By Karen Weeks
Taking care of a senior loved one can be an all-consuming job, but it’s important that you make taking care of yourself a part of your lifestyle. You might think you can put it off until things settle down, but you will actually be a more effective caregiver with better self-care now. Here is how to find balance between tending to your loved one and tending to yourself.
Who are the Caregivers?
Statistics show that 80 percent of caregivers in America are family members. Most caregivers have a life partner and most try to manage caregiving along with a job. With so many obligations, caregivers often find themselves unable to sufficiently care for themselves, their families, their homes, or even the senior they are trying to help.
No matter how much you love someone, tending the needs of a senior with chronic ailments is a burden. It creates stress in your body, and wears on you physically and mentally. According to US News and World Report, caregiver stress is linked with numerous physical and emotional concerns such as heart disease, stroke, depression, obesity and premature death.
Add some deep breathing exercises or meditation to your daily life to help with stress. Communicate with your spouse and other family members about how you are feeling. Also discuss with your senior the need to balance your care for them along with your other responsibilities.
Some experts recommend employing in-home care service on a regular basis to give you a break. You can also hire services to help you with weekly chores, such as cleaning and yard work. The average cost of maid services in Towson is $171, so make sure the expense fits into your budget. Even employing a cleaning service once a month can be helpful.
It’s important to reach out for help with caregiving. Ask for family and friends to pitch in. Getting relief from cooking a meal here and there, running an errand, or a few hours of one-on-one care will make a big difference in your stress level. Take those opportunities to do something for yourself. Exercise, take a nap, visit with a friend.
Adjust Your Outlook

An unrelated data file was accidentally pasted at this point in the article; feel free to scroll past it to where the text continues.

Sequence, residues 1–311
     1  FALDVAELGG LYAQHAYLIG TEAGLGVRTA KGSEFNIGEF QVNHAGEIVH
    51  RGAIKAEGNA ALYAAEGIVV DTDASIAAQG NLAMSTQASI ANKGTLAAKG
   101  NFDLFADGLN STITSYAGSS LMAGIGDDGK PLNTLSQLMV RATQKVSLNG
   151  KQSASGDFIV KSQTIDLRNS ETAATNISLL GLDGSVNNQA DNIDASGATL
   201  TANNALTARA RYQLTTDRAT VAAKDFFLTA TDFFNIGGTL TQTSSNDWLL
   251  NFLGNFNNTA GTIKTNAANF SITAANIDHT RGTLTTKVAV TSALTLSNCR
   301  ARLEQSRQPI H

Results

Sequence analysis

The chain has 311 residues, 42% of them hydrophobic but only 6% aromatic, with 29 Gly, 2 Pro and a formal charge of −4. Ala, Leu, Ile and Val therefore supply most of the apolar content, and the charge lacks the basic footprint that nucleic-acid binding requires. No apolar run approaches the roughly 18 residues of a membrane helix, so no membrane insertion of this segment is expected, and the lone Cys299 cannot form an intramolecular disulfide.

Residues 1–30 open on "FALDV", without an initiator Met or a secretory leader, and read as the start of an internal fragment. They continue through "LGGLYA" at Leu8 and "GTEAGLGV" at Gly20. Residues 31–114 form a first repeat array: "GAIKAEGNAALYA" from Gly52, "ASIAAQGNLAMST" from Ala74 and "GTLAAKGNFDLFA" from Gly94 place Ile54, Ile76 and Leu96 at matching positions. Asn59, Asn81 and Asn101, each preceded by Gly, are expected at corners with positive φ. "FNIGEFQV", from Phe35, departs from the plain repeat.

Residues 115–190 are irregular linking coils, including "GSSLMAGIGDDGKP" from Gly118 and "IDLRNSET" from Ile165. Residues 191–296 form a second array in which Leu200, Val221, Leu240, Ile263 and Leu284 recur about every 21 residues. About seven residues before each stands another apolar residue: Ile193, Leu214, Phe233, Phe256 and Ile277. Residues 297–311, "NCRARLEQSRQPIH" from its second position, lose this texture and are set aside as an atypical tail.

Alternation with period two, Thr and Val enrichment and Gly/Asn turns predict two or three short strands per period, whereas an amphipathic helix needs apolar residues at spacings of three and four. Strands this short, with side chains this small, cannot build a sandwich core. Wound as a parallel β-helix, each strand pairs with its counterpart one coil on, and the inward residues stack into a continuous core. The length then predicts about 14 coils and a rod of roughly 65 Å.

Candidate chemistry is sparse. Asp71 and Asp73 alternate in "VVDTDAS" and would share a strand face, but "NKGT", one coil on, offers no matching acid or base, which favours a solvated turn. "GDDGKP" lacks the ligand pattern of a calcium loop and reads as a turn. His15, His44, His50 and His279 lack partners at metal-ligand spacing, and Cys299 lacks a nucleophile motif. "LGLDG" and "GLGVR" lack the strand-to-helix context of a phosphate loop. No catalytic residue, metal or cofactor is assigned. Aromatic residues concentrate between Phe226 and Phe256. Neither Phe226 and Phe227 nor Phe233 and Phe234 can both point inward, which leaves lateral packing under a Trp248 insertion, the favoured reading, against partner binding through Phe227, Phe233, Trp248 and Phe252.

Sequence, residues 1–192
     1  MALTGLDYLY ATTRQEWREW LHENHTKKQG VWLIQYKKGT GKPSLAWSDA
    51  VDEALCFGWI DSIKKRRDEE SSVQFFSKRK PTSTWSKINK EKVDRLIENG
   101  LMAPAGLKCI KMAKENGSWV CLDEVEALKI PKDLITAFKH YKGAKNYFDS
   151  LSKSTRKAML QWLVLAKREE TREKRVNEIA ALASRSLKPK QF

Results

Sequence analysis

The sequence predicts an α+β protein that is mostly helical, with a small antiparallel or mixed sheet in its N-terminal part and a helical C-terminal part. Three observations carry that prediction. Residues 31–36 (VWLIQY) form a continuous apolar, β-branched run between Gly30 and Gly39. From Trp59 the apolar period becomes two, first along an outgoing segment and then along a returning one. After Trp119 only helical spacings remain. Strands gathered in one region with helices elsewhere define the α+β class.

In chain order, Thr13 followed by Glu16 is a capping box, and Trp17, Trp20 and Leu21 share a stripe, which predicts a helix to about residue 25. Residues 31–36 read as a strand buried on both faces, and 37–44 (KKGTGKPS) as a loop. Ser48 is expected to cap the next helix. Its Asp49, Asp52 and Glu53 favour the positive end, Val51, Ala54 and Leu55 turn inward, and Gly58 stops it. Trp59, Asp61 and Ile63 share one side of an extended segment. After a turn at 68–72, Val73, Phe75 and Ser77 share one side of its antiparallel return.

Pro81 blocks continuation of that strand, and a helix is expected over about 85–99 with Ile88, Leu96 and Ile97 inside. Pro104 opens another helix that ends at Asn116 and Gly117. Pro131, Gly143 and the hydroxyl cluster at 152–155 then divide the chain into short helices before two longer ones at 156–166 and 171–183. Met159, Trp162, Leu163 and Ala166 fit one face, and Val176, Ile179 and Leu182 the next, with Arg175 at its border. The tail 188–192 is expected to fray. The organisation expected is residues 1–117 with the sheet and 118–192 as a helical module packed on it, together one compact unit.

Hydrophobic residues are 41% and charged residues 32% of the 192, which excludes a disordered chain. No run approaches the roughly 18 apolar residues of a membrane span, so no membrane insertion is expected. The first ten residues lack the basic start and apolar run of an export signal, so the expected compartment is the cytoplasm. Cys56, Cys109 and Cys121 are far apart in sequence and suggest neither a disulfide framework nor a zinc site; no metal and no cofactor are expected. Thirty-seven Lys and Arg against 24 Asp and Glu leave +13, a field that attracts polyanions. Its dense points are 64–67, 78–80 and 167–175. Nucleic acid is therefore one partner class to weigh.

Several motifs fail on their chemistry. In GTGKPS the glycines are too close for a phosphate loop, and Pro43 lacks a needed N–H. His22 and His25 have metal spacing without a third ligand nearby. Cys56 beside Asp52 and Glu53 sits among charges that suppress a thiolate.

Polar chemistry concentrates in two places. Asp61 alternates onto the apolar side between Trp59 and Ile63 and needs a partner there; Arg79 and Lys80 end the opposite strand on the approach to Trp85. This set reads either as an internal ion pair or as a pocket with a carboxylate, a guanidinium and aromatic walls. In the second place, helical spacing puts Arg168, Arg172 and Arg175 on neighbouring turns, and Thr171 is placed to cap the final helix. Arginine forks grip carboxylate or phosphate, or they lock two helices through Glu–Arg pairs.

DailyCaring emphasizes keeping a healthy outlook as a part of self-care. One of the most important things you can do is learn to say “no.” Recognize it’s not your job to be all things to all people. Taking on too much leaves you without the time and energy to do things well. You don’t need to aim for perfection, either. Setting the bar too high sets you up for disappointment and guilt.
A Wellness Program
Caregivers benefit from incorporating strength and flexibility exercises into their daily routine. There is no need for a gym membership. You can set up your own home gym with a few handheld weights, a yoga mat (available on Amazon for $15.99) or an exercise ball could turn a small patch of floor in the living room into your exercise space.
Experts suggest setting up a spot in front of a window with a view or with a mirror to check your form. Some people like to watch television for a diversion. Whatever works for you is fine. Adding just five to 10 minutes throughout the day will help.
Don’t overexert; if you find you aren’t able to talk while exercising, take it back a notch. Also make sure you are getting sufficient sleep. Seven to 10 hours per 24 hours is needed for your body and mind to function well.
As someone who takes care of a senior loved one, it’s important to find balance in your daily life. Caregivers can be subject to tremendous stress that can damage their mental and physical health. Take steps to manage your stress level and time effectively. Don’t take on too much, and make your own wellness part of your daily routine. Taking these steps toward a more balanced life will help ensure your own well-being.